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Ramones legend debuts solo album

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October 6th 2013
By Jenna Cocozziello - Radio Nation

After years of working on projects such as West Side Story and Ya Know?, former drummer of The Ramones and punk legend, Richie Ramone felt like he was finally ready create a new album.

“In 2006, I played the Joey Ramone birthday bash, which is in New York every year,” Ramone says. “That got my juices flowing. Then I did the symphony work and West Side Story. I don’t know, something just calling me and I started writing.”

Between 1983 and 1987, Ramone was a member of the legendary punk band The Ramones. The Passaic, N.J. native played over 500 shows with The Ramones. He also wrote six songs, making him the only Ramones drummer to do so.

On Oct. 8, Ramone will be releasing his first solo album ‘Entitled’ on vinyl and physical CD.

While the album, which Ramone also produced, features brand new songs, the New Jersey native decided to go back and revisit classic songs from his time with The Ramones.

“I wanted them to come out with my sound of this new record,” Ramone says, “Those are great songs, you know, and I just wanted to redo them again with, you know, My vision, you know what I’m saying? The kids love those songs and they’ve never heard me singing that on the record, so I thought it was fun.”

‘Entitled’ gets back to Ramone’s punk roots, but also has a metal flair.

“The only thing I added - Tommy Bolan, who’s my shredder, lead guitar, and I kind of like throwing in a little of that metal tinge, to give it a little more ‘in your face’, you know,” Ramone says.

Songs on the album included his originals such as “Entitled” and “Criminal”, as well as some Ramones originals including “Somebody Put Something In My Drink” and “Smash You”.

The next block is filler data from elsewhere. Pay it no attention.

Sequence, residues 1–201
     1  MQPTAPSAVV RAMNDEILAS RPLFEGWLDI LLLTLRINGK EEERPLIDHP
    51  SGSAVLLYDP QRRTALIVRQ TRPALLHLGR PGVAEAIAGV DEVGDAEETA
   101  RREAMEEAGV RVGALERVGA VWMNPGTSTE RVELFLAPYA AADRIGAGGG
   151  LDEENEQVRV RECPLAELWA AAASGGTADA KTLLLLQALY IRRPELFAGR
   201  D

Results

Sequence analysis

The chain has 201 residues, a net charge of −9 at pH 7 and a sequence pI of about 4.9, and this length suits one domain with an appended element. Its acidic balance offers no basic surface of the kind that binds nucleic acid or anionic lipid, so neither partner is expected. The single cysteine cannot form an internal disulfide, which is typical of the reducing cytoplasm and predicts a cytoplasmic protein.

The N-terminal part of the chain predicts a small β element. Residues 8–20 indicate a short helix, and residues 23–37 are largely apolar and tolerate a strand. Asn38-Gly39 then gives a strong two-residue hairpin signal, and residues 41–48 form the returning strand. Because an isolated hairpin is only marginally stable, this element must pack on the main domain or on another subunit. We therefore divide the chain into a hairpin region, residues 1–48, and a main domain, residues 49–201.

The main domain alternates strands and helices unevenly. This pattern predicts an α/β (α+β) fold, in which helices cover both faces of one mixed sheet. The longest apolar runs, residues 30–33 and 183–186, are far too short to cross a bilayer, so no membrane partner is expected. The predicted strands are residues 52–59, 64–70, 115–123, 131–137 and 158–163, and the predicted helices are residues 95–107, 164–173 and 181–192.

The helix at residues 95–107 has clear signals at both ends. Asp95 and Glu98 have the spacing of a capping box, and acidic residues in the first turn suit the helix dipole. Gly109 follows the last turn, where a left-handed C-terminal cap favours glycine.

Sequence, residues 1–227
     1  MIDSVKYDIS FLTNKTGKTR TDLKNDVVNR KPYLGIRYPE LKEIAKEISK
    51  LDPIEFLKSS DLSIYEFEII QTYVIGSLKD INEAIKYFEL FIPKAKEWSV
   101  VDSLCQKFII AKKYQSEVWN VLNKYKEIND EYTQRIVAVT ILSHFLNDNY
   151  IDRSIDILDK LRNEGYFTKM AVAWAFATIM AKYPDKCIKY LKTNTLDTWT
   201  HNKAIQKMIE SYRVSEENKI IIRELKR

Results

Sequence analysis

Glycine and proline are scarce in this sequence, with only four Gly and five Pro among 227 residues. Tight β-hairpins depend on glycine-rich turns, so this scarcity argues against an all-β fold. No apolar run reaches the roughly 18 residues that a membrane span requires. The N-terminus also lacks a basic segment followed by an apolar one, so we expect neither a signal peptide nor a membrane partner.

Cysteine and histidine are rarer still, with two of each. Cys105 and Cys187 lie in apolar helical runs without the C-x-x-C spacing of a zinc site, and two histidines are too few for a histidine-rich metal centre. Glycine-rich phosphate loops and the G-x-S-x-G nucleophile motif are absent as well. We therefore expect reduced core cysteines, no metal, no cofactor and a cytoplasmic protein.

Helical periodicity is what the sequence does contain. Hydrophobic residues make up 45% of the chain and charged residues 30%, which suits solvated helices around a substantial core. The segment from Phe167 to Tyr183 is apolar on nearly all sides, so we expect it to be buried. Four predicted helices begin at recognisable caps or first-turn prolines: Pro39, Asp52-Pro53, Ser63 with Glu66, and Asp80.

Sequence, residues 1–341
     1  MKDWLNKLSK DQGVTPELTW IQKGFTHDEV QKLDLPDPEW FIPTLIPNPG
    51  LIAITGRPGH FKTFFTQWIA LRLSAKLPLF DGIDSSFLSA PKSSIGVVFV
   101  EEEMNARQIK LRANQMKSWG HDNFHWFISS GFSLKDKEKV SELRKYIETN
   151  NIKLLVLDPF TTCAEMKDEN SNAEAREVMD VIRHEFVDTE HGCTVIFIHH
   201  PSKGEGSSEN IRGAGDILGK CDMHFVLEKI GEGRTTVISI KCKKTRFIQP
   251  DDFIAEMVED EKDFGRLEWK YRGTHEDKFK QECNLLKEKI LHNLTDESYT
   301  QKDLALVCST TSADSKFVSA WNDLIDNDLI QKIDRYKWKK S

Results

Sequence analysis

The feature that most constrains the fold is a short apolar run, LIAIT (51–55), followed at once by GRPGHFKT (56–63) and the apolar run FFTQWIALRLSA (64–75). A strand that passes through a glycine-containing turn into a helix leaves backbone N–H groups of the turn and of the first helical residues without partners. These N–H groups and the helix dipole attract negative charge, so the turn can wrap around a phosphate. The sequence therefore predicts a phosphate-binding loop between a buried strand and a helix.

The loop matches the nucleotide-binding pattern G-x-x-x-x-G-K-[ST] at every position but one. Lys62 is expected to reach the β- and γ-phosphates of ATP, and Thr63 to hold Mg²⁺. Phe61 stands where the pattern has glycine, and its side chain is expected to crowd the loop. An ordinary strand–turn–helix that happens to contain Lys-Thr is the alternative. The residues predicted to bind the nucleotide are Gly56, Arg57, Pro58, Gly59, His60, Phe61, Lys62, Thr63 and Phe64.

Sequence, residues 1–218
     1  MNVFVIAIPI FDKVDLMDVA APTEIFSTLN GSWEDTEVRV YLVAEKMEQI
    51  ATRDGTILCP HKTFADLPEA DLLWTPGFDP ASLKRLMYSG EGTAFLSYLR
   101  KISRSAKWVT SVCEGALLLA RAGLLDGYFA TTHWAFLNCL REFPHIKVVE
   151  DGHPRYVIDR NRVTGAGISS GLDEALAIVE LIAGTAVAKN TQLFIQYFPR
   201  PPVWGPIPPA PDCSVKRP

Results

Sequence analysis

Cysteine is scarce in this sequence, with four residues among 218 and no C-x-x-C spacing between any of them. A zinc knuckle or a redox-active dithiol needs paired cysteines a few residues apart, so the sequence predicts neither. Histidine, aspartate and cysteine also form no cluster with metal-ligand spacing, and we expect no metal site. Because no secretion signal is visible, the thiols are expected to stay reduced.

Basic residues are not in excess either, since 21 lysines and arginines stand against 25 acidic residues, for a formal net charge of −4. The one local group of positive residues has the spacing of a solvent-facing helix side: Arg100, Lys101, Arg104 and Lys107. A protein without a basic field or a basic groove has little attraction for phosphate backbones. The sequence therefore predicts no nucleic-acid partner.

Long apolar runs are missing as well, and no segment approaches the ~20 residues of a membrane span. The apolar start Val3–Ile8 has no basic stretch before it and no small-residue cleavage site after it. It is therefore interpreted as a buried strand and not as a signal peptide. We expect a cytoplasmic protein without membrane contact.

Ramone says he is very excited for his upcoming album and believes it will be the most memorable moment of his career.

“I’m glad it’s still going and everything and I’m glad there’s still a lot of bands from back in the day that are still playing,” he says.

After his time with The Ramones, the Passaic native dabbled with various other music projects, but it wasn’t until recently that he began writing and recording again. Ramone explains that there were few adjustments.

“I don’t think there’s any kind of adjustments when you learn to ride a bike, you can always ride a bike if you never rode it, ever again,” Ramone says, “So, I think this is just something like that. Technology is better, where I have a whole ProTools rig in my studio so it almost becomes easier because I can lay so many tracks all by myself, I don’t have to go into the studio or nothing.”

In 2012, Ramone recorded a five song EP with the Canadian punk rock band The Rock n Roll Rats and became the only surviving Ramone to be featured on Joey Ramone’s second solo album, ‘Ya Know?’.

For Ramone, his biggest challenge was finding the right record deal and working both sides of the studio.

“Getting a record deal takes some time, and mixing takes a long time to get it right,” he says.

When coming up with a name for his album, Ramone explains that the word entitled seemed like a perfect fit.

“It’s so funny now that that’s the name of the record, I hear someone say it every day, or I see it on TV or something,” Ramone laughs. “I just felt, you know, everybody was entitled. I think we’re all entitled to whatever we do in life and don’t get pushed around, and you know, everybody’s special.”

Ramone will be heading on tour later this year and says

he is looking forward to returning south of the equator.

“I’m really looking forward to going back to South America in a couple of months,” Ramone says, “Now that it (Entitled) is coming out, now everybody’s going to have it. They’ll learn the words, they’ll sing the words with you at the show. That makes it a lot more fun.”

The punk legend explains that while the punk scene has changed it is still very much alive and well today.

“The punk scene is different than the punk scene was in ‘75 to ‘85 because it was more of a lifestyle then and I think it’s more business oriented now,” Ramone explains. “You know, it’s what you did and what you ate. That’s what punk was all about, how you hung out on the streets and I think that it’s a little changed now. It’s a little more corporate and people are a little more cautious in what they say and everything, but the music’s all good.”

“I’m glad to see people still performing, you know? It’s rock ‘n roll,” he adds.

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